i have not used registax with raw images but i'd be surprised if registax did not know how to debayer the popular bayer patterns. i don't think there are any generic issues with color fits other than the below "gotcha"

one very important thing that i did not mention is that fits files can be read as top-down or bottom-up, meaning, the XY position of the 0th pixel in the file can either be at the top or bottom of the frame. since the debayer algorithms go by "dead reckoning" if your fits reading direction does not match the direction that the manufacturer is writing out the file, then your colors will look crazy after debayering. IIRC you can choose the "opposite" debayer pattern (BGGR instead of RGGB for instance) to get around this. as i've gotten older though i'm getting worse at spacial stuff so that might be wrong.

at any rate, one way to unambiguously determine the right settings is to take a terrestrial daylight picture with the camera (if possible) and then experiment with the debayer settings and fits reader direction until you have the right one. even on an astrophoto it's usually obvious that you have the wrong one (screendoor effects left in debayered image, or just crazy colors)

note that a green cast is sometimes not indicative of a problem. since the human eye is most sensitive to green light, bayer matrices have 2 green pixels. a lot of times right out of the camera the green channel will dominate because of this. if you unlink the channels in STF (the chain link icon at the top) STF will normalize the channels independently and fix that up for you at least as far as an initial view of the linear data goes.

rob

Offline ColinThomas

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Re: Newbie question: Color FITS
« Reply #5 on: 2013 September 24 11:55:55 »
Hi Rob

Thanks for your replies: appreciated.

I have emailed SBG for the exact debayer setting for the SI colour I have, and am awaiting a reply.

In the interim, have located the debayer batch
Script->Batch Processing->Batch debayer

So for my odd 100 Moon fits, pass through this and o/p files

Then go to:
Scripts->Utilities->FFT Registration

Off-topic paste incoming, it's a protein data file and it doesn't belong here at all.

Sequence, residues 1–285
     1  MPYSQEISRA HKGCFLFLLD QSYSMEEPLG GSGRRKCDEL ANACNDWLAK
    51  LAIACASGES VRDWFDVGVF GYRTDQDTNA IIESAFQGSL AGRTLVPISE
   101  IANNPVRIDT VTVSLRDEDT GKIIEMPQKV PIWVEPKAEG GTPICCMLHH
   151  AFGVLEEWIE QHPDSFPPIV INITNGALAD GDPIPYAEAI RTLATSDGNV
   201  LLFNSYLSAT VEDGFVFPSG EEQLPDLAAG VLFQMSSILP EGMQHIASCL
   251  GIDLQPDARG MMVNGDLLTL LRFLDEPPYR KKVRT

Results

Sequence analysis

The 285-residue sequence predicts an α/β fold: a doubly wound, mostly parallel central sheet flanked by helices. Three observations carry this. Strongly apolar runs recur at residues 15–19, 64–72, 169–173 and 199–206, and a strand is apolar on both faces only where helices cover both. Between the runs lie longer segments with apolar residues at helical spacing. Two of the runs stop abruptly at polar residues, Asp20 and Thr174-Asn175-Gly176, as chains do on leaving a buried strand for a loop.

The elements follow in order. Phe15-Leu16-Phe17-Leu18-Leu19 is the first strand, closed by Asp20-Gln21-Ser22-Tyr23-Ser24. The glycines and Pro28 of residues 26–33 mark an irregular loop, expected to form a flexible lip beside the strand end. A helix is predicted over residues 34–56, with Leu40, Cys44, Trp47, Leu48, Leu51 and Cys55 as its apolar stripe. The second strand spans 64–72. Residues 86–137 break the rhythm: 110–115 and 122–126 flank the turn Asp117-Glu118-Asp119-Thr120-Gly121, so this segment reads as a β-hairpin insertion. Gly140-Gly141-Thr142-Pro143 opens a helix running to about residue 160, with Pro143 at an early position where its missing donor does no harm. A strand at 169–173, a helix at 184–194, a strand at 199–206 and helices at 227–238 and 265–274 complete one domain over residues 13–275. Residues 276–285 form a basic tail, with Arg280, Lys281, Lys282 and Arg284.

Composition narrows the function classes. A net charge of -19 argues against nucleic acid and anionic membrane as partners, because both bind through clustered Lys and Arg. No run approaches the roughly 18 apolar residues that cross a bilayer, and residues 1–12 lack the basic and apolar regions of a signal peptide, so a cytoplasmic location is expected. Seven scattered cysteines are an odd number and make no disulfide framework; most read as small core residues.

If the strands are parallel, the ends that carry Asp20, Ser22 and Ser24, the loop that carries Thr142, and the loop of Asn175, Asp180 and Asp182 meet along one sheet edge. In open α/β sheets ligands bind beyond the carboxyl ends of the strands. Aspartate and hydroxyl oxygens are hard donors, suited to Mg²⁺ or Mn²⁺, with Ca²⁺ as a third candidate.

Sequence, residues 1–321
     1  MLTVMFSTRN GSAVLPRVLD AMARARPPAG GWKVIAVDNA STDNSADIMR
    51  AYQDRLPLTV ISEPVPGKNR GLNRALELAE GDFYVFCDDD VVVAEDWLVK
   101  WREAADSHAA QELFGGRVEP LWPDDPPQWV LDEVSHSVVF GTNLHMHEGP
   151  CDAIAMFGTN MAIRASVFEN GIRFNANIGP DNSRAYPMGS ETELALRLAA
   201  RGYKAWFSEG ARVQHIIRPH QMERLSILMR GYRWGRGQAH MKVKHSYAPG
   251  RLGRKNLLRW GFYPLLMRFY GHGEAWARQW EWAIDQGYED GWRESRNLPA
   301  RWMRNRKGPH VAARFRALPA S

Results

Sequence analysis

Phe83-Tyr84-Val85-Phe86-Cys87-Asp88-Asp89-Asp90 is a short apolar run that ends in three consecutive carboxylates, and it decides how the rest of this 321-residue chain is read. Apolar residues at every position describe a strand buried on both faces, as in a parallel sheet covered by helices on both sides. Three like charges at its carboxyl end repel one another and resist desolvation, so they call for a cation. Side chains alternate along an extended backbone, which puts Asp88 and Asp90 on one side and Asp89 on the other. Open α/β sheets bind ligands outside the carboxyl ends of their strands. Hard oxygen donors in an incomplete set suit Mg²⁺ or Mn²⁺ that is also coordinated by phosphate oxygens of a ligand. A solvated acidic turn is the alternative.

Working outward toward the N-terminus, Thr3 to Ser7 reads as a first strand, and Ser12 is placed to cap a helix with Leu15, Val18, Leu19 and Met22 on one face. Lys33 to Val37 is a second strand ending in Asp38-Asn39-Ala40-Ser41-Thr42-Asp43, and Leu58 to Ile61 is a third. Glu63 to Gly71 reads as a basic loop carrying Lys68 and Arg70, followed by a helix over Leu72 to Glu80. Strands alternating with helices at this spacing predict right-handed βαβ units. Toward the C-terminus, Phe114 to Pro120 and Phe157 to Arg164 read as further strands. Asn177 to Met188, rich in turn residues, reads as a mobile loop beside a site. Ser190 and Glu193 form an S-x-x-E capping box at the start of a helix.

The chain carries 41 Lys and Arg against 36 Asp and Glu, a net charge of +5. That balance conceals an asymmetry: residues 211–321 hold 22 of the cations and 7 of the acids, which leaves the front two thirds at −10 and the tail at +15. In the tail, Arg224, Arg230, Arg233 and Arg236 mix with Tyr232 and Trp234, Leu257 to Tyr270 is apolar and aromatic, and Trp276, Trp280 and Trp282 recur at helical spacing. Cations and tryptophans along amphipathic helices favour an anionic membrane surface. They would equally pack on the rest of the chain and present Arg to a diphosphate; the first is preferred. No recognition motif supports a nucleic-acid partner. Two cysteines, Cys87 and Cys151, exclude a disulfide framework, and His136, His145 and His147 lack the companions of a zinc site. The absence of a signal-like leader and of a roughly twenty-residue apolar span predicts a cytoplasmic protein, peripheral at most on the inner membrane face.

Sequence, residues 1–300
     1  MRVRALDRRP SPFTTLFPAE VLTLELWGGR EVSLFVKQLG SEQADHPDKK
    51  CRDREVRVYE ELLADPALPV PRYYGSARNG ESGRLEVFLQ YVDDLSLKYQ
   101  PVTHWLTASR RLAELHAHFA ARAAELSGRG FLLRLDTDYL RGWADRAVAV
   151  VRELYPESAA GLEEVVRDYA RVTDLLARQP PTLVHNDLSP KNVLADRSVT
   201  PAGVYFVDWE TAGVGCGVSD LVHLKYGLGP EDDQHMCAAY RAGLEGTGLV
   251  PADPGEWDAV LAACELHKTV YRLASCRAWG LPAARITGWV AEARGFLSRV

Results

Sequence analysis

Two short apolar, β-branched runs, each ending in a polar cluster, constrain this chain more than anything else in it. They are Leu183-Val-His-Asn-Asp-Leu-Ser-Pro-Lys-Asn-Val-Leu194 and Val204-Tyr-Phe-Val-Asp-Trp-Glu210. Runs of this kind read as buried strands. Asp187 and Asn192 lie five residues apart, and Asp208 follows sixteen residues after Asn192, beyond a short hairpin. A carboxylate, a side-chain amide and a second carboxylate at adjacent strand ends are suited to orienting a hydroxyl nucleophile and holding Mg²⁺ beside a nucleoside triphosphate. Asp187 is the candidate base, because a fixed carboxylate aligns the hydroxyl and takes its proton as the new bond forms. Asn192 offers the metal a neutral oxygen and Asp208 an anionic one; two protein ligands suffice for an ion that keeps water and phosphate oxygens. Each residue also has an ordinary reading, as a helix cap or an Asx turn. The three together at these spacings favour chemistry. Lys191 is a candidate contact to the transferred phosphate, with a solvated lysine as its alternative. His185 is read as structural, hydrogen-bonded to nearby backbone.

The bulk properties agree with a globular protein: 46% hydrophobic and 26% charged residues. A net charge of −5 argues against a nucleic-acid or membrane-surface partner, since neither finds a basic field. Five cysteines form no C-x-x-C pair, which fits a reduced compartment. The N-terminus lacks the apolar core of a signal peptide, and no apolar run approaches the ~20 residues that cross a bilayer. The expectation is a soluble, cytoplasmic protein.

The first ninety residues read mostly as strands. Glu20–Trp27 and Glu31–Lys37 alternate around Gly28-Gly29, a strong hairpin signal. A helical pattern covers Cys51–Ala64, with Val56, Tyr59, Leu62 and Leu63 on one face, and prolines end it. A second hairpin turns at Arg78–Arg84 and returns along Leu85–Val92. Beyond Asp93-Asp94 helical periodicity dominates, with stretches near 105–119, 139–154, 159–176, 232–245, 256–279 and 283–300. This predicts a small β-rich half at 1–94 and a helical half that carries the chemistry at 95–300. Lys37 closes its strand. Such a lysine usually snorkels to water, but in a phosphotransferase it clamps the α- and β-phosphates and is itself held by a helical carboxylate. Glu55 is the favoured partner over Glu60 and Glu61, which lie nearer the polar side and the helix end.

and o/p files again to a directory

Then take these files into ImageIntegration

Then play with the HistogramTransformation.


What other tools are then worth looking at for lunar surfaces ? Any pointers welcomes  :D

best regards

Colin

Offline pfile

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Re: Newbie question: Color FITS
« Reply #6 on: 2013 September 24 12:47:51 »
Deconvolution is a pretty important tool for planetary images. check this tutorial out:

http://pixinsight.com/examples/deconvolution/moon/en.html

very technical but accessible i think.

for deconvolution to have physical/mathematical meaning it should be done on linear (unstretched) images. of course you will find people doing deconvolution on nonlinear images, which does of course have a sharpening effect, but it's not "proper".

generally speaking, people usually extract the L* from color lunar images and process that, but it is possible to work with color moon pictures. apparently the moon does have some subtle coloration but when starting out it might be best to stick with monochrome images.

once the lunar image has been deconvolved and stretched, i find that HDRMultiscaleTransform (thru a mask), LocalContrastEnhancement (again thru a mask) and finally some curves for added contrast work well.

rob

Offline Phil Leigh

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Re: Newbie question: Color FITS
« Reply #7 on: 2013 September 26 02:25:26 »
The moon certainly has rather a lot of colour but you will need to play with the saturation curves to bring it out! Of course some people prefer a grayscale moon - it's an aesthetic choice.

You have to get the background neutralisation and colour calibration right before boosting the saturation. You need to keep an eye on what is happening to the luminance data - it is very easy to end up with a blue or orange moon :-)